As real estate investors, when we buy a property that we intend to rent to others, we’re doing so with the goal of receiving a return on our investment. Ideally, of course, we’d like to start receiving said return as quickly as possible. But what happens when, for whatever reason, the property doesn’t immediately draw a tenant? Or when we already have a quality tenant, but she’s thinking about moving out? What do we do?
If you answered, “cry softly,” “pitch a fit,” “pray,” or “consider a new line of work,” to that question, there’s good news: you’re not the first — and you won’t be the last — to think along those lines. Having a piece of property languish on the market without a tenant is not a fun position to be in. A vacant property is a property that’s costing you money, and it’s not just the rental income. A property that sits vacant still needs upkeep. You may have to spend money marketing the property. Property taxes and other miscellaneous expenses that are common to every property seem can become a much greater burden when there’s no rent money coming in to pay for them.
So what can you do to prevent these kinds of headaches — or to at least lessen their impact? That’s what I’m going to talk about today. Here in Memphis and in Dallas, we have developed a few techniques to help properties get occupied quickly and stay occupied longer. While their is certainly nothing unique in how we do it or the steps we take, every thing we do is designed to keep an investors’ renters in their rental properties and cash in their pockets!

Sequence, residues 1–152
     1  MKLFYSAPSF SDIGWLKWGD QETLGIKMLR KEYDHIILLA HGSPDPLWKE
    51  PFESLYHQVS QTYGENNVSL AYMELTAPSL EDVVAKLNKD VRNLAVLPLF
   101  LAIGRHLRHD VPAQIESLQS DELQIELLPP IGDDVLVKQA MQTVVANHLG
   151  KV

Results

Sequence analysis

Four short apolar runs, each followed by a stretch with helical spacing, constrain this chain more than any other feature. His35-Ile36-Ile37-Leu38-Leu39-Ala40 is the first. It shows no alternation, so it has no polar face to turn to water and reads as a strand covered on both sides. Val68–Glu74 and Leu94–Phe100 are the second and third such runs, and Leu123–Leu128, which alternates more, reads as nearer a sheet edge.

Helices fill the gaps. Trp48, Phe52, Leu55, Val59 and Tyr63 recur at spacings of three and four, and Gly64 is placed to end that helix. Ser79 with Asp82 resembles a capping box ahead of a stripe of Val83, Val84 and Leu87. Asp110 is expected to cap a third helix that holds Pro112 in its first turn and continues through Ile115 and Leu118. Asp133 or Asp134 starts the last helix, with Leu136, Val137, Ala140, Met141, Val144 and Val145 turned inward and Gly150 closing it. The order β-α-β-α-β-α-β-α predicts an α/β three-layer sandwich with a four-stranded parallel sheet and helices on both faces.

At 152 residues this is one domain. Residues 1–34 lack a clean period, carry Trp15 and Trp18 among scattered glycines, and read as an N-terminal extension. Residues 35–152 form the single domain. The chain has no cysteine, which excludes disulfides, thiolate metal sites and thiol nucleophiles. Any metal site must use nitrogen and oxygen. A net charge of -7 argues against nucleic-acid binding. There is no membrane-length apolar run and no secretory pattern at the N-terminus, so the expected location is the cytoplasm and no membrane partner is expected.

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Don’t Let Them Become Vacant in the First Place
If your rental property already has a tenant, you’re off on the right foot. If you have a quality renter who pays his rent (and pays on time), takes care of the property, and doesn’t do anything illegal or annoying to draw unwanted attention from the authorities or the neighbors, then this is a person you want to retain. With the progress the housing market is making, such tenants might be tempted to buy instead of continuing to rent. If someone has her mind set on making that kind of change, there may not be much you can do about it. But if she’s still on the fence, it makes a lot of sense for you to do what you can, within reason, to keep her around.
At our property management companies, being proactive is one of the best ways to retain great tenants. Starting 90 days out you should reach out to your tenants and ask a simple question: What can we do to keep you as a tenant? So many times we have been told that this is a bad idea. The naysayers always bring up the negative side like – what if they ask you to reduce rent? Or – What if they ask you to fix something that is wrong? Or – what if they ask you to repaint a room or clean a carpet? My response is always the same…So what? At least now you know exactly what it will take to keep that tenant and in almost every scenario those simple requests will cost less than a vacancy and prep for a new renter. And what if the repair they are asking about is minor but left unchecked could lead to something major. Is that not something you would want to fix as an owner or property manager?